Today, I'm going to show you how to make a workout into a flow workout. I have created a lot of videos about the science behind the flow state which I highly recommend you check out on my youtube channel, but for now, I'm just going to teach you a little bit about what the flow is because that will help solidify our intention for this tutorial.
If you're not a fan of reading, watch the video below instead.
The flow state is basically where we feel at our best and perform at our best. Mihaly Csikszentmihalyi, a psychologist who is essentially the Marlon Brando of research into the flow state, created this graph to illustrate what the flow state is and what it feels like. It shows the skill and challenge involved in a task, as well as the anxiety and boredom. As Mihaly teaches, when you're in flow, there is a progressive balance between anxiety and boredom. How I like to see it is as a progressive balance between tension and relaxation – that feeling of being too hard or too relaxed. There's a progressive balance in that way you align with the activity you're undertaking. Achieving this balance is essentially flow, and that's what we're trying to get into.
Now, to make a workout into a flow workout, we need to get into that state. So how do we do that? First thing is: if you're not already doing it, you want to be monitoring and tracking your heart rate variability. Why? Because heart rate variability links in with this graph. Let me explain further: you have what’s known as a sympathetic and a parasympathetic branch of your nervous system. In simple terms, this means your active and resting physical and mental responses, and when you're performing your skill, there's a coherence between those two. There's a push and a pull going on between your sympathetic and parasympathetic nervous system, and when you're in flow, this dance between systems is what keeps you either aroused and switched on, pushing towards the anxious end of the scale, or else calm and reflective, pushing towards the bored and too-relaxed end of the scale. Being in flow means balancing between these two.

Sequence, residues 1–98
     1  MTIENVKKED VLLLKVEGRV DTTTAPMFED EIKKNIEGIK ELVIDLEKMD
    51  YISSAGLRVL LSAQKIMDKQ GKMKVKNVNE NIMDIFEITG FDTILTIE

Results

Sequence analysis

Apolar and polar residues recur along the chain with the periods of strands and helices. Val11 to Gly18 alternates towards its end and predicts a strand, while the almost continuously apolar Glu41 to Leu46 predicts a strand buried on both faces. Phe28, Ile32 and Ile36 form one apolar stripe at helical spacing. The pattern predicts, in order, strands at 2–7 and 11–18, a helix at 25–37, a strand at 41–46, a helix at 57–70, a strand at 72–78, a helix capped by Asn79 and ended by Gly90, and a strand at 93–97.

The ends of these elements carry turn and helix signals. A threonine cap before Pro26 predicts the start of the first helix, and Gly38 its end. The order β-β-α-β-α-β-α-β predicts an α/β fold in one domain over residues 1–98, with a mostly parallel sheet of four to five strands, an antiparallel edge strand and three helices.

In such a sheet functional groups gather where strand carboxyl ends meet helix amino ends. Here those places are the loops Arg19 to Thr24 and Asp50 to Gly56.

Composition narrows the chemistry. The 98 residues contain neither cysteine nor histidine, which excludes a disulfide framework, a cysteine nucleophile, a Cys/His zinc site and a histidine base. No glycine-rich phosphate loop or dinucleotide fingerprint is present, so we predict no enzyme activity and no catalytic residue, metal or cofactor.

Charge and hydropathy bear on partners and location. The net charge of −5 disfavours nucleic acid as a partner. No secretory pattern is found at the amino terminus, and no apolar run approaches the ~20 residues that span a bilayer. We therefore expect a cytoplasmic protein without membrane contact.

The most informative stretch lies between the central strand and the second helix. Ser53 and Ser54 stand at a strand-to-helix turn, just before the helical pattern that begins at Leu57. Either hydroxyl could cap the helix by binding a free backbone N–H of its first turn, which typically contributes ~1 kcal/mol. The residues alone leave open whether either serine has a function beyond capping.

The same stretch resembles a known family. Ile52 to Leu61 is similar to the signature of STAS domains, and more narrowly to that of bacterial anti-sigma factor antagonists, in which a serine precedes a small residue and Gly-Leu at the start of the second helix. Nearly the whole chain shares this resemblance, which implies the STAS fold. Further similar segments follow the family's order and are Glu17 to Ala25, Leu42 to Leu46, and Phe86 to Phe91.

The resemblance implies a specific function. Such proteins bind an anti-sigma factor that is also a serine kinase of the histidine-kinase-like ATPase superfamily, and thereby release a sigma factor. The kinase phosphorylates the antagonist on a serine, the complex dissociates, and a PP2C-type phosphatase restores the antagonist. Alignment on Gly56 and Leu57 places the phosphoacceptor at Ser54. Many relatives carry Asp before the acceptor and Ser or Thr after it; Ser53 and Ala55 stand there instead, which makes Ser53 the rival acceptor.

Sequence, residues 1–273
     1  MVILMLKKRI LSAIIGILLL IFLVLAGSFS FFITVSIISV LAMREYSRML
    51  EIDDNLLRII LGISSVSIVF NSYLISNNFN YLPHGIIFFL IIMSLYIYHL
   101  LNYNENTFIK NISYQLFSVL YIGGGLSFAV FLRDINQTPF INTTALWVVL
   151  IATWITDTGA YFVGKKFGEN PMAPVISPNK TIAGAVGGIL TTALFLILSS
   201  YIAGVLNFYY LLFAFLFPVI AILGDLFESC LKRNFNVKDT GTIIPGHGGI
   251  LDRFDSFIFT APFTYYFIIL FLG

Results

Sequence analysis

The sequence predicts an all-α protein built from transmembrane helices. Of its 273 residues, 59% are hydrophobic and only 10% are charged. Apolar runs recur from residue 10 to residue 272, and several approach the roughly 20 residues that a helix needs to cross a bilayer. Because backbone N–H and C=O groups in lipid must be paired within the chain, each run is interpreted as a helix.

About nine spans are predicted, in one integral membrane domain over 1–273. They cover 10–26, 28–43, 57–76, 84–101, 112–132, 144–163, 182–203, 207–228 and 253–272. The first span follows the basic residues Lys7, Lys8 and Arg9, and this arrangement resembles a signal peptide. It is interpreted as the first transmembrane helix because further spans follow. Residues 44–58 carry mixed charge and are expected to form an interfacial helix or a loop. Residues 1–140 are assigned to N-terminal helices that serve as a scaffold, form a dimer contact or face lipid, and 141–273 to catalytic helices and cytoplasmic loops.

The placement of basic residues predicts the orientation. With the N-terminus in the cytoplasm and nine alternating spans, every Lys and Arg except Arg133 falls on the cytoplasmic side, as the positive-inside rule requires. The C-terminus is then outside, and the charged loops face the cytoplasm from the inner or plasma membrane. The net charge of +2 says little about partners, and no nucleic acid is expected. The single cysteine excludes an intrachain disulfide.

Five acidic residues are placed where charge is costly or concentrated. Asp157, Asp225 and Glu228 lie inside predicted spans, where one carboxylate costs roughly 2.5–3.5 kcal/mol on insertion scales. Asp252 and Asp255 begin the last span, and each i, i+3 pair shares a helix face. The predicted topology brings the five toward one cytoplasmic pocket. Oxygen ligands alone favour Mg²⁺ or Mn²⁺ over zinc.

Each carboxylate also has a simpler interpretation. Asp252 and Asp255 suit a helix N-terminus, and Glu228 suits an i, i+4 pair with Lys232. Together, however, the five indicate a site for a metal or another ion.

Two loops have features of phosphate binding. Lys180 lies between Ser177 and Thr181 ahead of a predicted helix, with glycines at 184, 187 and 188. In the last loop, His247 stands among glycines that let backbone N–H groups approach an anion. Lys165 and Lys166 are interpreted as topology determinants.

When you monitor your heart rate variability, you can find out how you start your day. You might discover that you start your day already in a parasympathetic state, or you might start your day in a sympathetic state. Therefore, you need to adapt to your own situation and act according to how your personal heart rate variability works. This is important, and highly relevant to the workout I'm going to show you later on. You have to select the best workout for you according to your heart rate variability baseline. We'll talk more about that later on.
The next thing to look at is your rate of perceived exertion. In the fitness industry there's a way of measuring your output in activity, called the rate of perceived exertion. On a scale of 1 to 10, 1 means it's easy, so easy it's as if you're not doing anything, and 10 is so intense and crazy it’s like you're blowing a gasket. We don't want to be a 10 and we don't want to be a 1. Flow sits in a 7. Seven is a good number. Think of a 7 as that feeling where you are in a progressive balance of anxiety/boredom. In a 7, your tension/relaxation are balanced, your sympathetic nervous system is on and your parasympathetic nervous system is on. Seven is that control mechanism. When you're doing a workout in the gym or elsewhere, you are ideally maintaining a 7 throughout.
The third consideration for your flow workout is setting your intention. To set your intention you should refer back to the heart rate variability we covered earlier. Setting your intention means that when you are entering the gym, when you're literally walking into the gym to perform your workout, you need to make sure that your intention is to set flow. There is a trick to make that happen, and that is to build your familiarity towards that feeling of being in flow. That is really the key to it all – making sure you feel very familiar with how flow feels to you. When you're familiar with that feeling, you’ll be able to draw more flow into your life, into your skill, into your score – whatever your discipline may be. You need to build on that.